Running a one-person shop has numerous benefits. You maintain complete autonomy, take on the projects that work for your business, work the hours convenient for your schedule, and so on. On the flip side, you don’t have the guarantee of a constant paycheck or company benefits, can go days without speaking to another person, and — because success is entirely dependent on you — finding time for a vacation may seem impossible.

Fortunately, it’s not.

The key is preparation. Here’s how you can carve out time to get away:

  • Plan Ahead — Work flow may enable you take spur-of-the-moment day trips but a proper multi-day vacation requires you to carve out time on the calendar. Look at the next 6 to 12 months and isolate weeks (or months) when you want to plan a trip. Also think about when they may be off. Short weeks because of national holidays are prime times to schedule a getaway.
  • Inform — For your repeat clients, begin letting them know as much as three months ahead of time that you’ll be away on vacation for a stretch of time. You also want to be up front with new clients that projects will have to be completed around your already scheduled vacation. The majority of the time, they’ll understand. After all, they like to get away, too.
  • Housekeeping — The purpose of vacation is to escape from the everyday. To ensure you are able to free your mind from daily stresses, get all your finances in order before you leave. Pay all bills up front and follow-up on outstanding invoices. You don’t want to come home to a mountain of bills and past-due invoices.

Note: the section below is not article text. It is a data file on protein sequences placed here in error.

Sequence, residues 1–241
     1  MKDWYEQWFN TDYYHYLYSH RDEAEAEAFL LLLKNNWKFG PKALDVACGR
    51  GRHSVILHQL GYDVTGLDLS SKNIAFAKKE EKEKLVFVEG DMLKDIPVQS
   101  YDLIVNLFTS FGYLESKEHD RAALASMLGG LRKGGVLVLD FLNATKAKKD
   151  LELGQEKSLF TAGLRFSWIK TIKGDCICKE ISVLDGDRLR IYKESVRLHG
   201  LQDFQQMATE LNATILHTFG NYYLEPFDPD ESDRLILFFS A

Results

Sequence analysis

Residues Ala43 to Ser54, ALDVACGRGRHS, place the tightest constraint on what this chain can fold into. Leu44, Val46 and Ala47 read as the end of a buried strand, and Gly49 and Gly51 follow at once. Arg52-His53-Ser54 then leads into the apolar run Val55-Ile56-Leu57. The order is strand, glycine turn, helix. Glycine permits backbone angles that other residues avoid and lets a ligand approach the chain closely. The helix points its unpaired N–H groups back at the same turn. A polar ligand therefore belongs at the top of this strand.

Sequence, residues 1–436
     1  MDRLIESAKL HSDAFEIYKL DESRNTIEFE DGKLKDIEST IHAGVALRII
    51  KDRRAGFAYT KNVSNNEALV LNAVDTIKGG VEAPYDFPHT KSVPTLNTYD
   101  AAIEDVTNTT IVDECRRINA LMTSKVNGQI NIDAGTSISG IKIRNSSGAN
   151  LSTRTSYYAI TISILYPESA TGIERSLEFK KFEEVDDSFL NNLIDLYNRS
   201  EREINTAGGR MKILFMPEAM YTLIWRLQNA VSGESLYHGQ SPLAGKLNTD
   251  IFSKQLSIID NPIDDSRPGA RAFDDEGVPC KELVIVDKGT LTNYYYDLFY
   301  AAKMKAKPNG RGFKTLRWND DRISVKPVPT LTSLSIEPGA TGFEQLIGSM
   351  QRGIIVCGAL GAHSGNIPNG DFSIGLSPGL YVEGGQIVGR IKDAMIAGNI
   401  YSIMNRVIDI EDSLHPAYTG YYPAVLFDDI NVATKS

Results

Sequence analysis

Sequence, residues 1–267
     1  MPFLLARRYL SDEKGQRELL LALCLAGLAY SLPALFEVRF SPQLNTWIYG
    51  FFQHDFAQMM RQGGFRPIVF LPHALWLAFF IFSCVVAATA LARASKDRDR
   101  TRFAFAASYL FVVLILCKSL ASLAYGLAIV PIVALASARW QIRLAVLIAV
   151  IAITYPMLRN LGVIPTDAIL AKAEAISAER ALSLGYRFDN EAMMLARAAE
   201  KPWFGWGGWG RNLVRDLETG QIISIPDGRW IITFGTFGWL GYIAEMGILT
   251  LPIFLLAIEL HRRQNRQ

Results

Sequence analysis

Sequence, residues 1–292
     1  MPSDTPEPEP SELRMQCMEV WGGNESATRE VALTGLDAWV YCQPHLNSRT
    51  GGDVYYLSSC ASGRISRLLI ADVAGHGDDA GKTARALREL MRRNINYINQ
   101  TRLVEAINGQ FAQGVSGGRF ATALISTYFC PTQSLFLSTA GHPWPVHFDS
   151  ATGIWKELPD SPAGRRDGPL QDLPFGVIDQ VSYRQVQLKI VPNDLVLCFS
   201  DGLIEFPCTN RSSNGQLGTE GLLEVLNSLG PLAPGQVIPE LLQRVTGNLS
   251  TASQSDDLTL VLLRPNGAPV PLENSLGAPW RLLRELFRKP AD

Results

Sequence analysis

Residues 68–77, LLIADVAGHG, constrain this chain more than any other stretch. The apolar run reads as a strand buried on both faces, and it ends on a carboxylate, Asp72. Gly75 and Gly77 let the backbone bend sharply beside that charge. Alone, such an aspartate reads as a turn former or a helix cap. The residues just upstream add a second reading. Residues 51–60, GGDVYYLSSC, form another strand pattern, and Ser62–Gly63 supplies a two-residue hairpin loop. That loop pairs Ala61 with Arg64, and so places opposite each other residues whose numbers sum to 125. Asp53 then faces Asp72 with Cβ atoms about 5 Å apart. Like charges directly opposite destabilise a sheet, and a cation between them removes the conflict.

• Outsource — If you find yourself in a position where the work is overwhelming as the vacation date arrives, reach out to trusted resources to see if they can cover any deliverables. You do forfeit some revenue to the contractor, but you also keep the client happy, which can lead to additional projects later on.

Remember, one of the lesser reasons you likely set out on the solo path is because you didn’t want to ask permission before you decided to go on vacation. As long as you plan and maintain open lines of communication with clients, your business will thrive even when you’re away.